• If performance is evaluated, monitored, and managed without an integrated understanding of risks or compliance considerations, you are unlikely to optimize results.
  • If politics and other factors cause the organization to fail to share information and resources, have redundant and siloed operations, you are unlikely to perform.
  • If the compliance function is always chasing after initiatives and plans so it can add compliance bandaids, instead of being on the bus from the beginning, failure is likely.


I think organizations need to build out the maturity of the individual pieces of GRC while ensuring that they don’t result in silos, and with a vision of orchestration and harmony across the organization.


Since the failure to harmonize is most often the result of the sickness we call internal politics, this needs to be monitored, diagnosed, and treated aggressively.

I welcome your views and comments.

Gartner’s 2013 Global CIO Study points to issues I have previously aired: namely a failure to obtain full advantage from new and disruptive technology.

This should be of concern to board, all executives, leaders of IT, and risk and assurance professionals.


Here are some key excerpts:

  • Enterprises realize on average only 43 percent of technology's business potential. That number has to grow for IT to remain relevant in an increasingly digital world.
  • Over the last 18 months, digital technologies — including mobile, analytics, big data, social and cloud — have reached a tipping point with business executives. Analysts said there is no choice but to increase technology's potential in the enterprise, and this means evolving IT's strategies, priorities and plans.
  • Digital technologies provide a platform to achieve results, but only if CIOs adopt new roles and behaviors to find digital value. CIOs require a new agenda that incorporates hunting for new digital innovations and opportunities, and harvesting value from products, services and operations.
  • In a world of change, it is concerning that around half of CIOs surveyed do not see IT's enterprise role changing over the next three years.
  • Without change, CIOs and IT consign themselves to tending a garden of legacy assets and responsibilities.


However, the top priorities continue to be individual new technologies, not the more holistic perspective discussed in other studies where the CIO is asked – and expected – to step up and play a more strategic role in the organization: leading the path to growth through the smart deployment of technology. Elsewhere, Gartner has talked about “Nexus”, the growing need for IT to use multiple technologies together to create value. IDC refers to this as the third platform.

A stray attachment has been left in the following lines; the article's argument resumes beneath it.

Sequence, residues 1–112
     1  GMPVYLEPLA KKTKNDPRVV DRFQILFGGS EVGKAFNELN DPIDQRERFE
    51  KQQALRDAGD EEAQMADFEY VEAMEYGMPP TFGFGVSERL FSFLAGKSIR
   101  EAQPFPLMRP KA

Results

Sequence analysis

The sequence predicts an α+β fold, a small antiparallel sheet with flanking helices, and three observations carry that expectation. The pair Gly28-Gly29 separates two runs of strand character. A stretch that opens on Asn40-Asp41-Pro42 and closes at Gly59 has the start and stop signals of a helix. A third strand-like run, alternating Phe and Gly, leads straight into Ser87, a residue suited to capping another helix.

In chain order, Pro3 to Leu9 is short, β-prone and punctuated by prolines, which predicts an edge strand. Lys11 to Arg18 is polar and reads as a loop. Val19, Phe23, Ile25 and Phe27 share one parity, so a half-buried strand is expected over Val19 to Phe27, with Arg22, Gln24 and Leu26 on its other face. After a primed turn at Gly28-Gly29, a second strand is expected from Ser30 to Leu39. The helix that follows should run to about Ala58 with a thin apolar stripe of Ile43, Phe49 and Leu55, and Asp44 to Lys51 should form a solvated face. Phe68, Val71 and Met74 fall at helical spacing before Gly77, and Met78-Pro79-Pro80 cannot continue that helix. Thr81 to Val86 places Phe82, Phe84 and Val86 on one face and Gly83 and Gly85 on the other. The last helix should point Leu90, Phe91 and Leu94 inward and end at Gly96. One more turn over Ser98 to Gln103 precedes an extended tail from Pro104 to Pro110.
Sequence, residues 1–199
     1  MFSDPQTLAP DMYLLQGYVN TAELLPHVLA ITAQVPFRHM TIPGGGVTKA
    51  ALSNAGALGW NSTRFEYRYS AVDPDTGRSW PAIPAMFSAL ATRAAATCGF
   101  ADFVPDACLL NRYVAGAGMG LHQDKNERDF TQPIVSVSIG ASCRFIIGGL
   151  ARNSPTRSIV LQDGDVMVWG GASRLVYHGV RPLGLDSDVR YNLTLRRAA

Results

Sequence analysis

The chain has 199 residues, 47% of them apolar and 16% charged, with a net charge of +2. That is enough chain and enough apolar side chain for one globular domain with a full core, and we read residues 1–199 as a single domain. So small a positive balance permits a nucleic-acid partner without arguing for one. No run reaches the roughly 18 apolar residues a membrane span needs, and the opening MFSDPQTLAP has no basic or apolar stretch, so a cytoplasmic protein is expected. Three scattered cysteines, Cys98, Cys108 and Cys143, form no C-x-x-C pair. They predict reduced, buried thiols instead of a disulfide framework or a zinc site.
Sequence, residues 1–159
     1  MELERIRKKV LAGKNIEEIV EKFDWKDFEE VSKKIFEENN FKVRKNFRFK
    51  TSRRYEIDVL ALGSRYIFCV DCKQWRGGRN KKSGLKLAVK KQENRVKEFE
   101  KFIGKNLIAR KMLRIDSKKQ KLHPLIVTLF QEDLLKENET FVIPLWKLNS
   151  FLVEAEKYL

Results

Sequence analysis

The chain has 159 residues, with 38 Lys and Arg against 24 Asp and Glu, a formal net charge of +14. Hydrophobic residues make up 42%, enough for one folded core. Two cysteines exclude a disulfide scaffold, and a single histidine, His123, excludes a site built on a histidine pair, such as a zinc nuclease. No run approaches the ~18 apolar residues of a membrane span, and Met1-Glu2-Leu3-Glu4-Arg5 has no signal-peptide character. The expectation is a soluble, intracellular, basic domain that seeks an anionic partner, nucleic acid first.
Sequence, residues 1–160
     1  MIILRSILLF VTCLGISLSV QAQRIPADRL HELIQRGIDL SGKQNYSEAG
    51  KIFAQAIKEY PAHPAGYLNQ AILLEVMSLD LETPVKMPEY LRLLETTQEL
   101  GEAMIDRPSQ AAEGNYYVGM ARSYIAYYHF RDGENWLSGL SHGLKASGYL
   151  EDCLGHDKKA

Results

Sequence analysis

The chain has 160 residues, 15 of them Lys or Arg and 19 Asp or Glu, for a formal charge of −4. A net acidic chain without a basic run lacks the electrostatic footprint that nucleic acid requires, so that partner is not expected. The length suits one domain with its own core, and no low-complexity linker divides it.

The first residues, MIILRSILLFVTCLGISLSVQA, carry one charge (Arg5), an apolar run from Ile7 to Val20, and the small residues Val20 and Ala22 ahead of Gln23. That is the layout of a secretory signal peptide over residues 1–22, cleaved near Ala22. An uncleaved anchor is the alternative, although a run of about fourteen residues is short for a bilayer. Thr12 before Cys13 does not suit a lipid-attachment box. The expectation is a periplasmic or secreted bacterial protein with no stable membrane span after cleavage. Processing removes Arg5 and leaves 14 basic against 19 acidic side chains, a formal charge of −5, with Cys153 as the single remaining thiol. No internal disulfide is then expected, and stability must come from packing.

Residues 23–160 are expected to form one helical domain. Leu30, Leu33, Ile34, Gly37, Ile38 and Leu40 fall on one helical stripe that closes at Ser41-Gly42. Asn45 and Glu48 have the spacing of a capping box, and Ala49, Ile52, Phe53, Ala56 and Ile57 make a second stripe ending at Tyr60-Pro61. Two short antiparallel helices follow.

I have a few questions for board members, executives, and risk and assurance professionals to ask:

  1. Are we obtaining full advantage from the new technologies?
  2. Do we have the capabilities to understand, assess, and realize their potential value?
  3. Do we have the capabilities to adopt new technology safely? Are risk and assurance professionals actively involved, helping us understand and address any new or changed risks as a result of adopting new technology?
  4. Is IT leading the way with a vision of how technology can reshape our organization’s processes, products, services, communications with customers, and so on?
  5. Do we know what we are missing? Is that acceptable?


I welcome your views and comments.


Related posts:


When data builds up it can affect SAP system performance.  The best practice for this situation is data archiving.  This moves the data out of the production system in order to manage database growth while allowing business users direct, transparent access to it. But what about data created by the GRC system?  It is imperative that data needed for any audit or legal requirement be immediate available.


Dolphin has a solution, the Dolphin Data Management Cockpit (DMC), which offers traditional SAP archiving and serves GRC objectives. DMC permits data encryption at the field level. It works with /virsa/ tables (especially the firefighter log tables – which can build up fast), and allows this data to be archived with standard SAP archiving protocol (using SARA).  The SAP application provides archive capabilities, but this is not true archiving but more of a download/upload process. The download/upload process can take time to accomplish and can affect system performance.


The DMC solution uses the standard archiving process, which has minimal effect on your system. For data retrieval, we can update SAP Tcodes for GRC to read the archived data, making both online and archived data available to end users.


The cost of storing data in an active database can be expensive regardless of your SAP system and even more so for those using SAP HANA. Implementing an archiving strategy with transparent access to the data is a much more cost efficient alternative when data is no longer used by end users on regular bases.


Plus an added advantage to archiving, once data is archived, data cannot be altered or deleted which is ensures compliance when it comes to audits.

1.)  Some of the common attributes on which you will base your BRF msmp rule are alredy available in context( like priority,criticality      etc.) but there  are few other attributes which are not available in the context like role sensitivity etc. To create your rules based on these attributes you can create expression of type DB lookup and read these attributes realtime from database table. Following example will provide mode details of creating an initiator rule based on availablity of role owners




C     Create a new expression of type ‘DB Lookup’ in your existing initiator rule






1.)      Provide name and description to your DB lookup and fill in following details